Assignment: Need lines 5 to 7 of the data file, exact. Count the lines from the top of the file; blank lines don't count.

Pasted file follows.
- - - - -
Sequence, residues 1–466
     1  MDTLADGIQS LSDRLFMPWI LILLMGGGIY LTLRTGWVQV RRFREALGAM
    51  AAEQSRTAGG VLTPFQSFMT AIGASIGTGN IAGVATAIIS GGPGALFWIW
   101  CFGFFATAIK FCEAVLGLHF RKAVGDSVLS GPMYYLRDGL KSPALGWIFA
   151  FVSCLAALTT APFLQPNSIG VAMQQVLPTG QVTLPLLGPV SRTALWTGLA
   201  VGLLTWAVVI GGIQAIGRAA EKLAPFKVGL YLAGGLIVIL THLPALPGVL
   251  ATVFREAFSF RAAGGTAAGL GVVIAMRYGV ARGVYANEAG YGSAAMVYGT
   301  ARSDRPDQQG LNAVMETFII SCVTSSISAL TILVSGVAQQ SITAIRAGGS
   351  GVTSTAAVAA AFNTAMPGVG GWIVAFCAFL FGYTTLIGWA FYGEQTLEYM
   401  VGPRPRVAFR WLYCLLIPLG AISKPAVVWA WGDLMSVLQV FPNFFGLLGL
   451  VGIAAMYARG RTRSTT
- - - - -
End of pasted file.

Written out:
   151  FVSCLAALTT APFLQPNSIG VAMQQVLPTG QVTLPLLGPV SRTALWTGLA
   201  VGLLTWAVVI GGIQAIGRAA EKLAPFKVGL YLAGGLIVIL THLPALPGVL
   251  ATVFREAFSF RAAGGTAAGL GVVIAMRYGV ARGVYANEAG YGSAAMVYGT